South-Western Legal Studies in Business

City Ordinance Restricting Billboards Valid
Description

Appeals court held that a city did not violate commercial free speech rights by restricting billboards. The regulation was content neutral, it simply restricted the location in which some commercial speech may appear.

Topic Constitutional Law
Key Words

First Amendment, Commercial Speech, Sign Ordinance, Billboards

C A S E   S U M M A R Y
Facts

Covenant, a billboard company, applied to build a billboard in North Charleston. After getting no response for months, Covenant sued to challenge the constitutionality of the city’s sign ordinance, contending that it violated its First Amendment rights. The city then denied its application and revised its sign ordinance. The district court held for the city; Covenant appealed.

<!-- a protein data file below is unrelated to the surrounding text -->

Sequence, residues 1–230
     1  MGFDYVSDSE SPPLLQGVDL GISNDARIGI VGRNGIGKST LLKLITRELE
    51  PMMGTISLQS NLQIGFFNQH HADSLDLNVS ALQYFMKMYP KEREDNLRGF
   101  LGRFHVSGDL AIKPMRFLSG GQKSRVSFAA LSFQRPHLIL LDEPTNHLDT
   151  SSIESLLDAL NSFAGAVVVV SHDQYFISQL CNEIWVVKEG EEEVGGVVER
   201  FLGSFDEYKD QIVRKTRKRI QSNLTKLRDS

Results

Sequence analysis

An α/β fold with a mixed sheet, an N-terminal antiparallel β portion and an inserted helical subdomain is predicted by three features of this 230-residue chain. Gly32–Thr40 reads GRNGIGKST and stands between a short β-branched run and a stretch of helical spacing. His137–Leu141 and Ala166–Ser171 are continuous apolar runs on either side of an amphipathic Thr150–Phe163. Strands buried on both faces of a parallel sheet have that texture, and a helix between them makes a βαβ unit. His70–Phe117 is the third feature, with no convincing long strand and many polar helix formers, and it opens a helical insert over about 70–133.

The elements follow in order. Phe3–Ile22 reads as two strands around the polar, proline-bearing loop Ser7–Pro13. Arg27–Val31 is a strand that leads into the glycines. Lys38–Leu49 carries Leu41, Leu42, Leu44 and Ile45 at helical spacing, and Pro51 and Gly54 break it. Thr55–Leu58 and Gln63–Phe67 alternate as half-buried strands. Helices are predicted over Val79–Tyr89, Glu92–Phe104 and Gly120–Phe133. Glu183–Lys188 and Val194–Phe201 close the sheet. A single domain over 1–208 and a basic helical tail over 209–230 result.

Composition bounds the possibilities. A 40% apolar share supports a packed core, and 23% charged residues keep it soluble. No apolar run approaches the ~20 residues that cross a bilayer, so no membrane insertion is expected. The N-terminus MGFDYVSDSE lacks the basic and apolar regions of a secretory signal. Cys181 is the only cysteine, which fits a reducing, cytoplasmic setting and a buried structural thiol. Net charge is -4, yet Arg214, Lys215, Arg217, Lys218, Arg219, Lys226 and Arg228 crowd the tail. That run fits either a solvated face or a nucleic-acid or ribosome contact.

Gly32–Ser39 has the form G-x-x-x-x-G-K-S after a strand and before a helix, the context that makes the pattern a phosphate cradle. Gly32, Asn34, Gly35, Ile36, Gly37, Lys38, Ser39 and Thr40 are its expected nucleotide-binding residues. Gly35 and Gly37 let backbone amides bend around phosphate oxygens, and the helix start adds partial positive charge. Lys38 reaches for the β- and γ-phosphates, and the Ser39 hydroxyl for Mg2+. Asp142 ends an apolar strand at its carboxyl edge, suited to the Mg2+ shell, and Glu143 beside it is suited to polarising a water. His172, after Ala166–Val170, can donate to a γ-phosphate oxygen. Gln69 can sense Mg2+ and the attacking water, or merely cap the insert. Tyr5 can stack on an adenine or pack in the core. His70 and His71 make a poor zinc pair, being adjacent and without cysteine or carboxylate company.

Decision

Affirmed. The city took ten months to act on Covenant’s application. That was negligent on the part of the city, but does not invalidate its ordinance. The application was not acted upon so as to suppress speech in the form of a billboard. The city’s sign ordinance is valid as it is content neutral. It restricts where certain speech may occur, but is not designed to prevent certain forms of speech.

Citation

Covenant Media of South Carolina v. City of North Charleston, 493 F.3d 421 (4th Cir., 2007)

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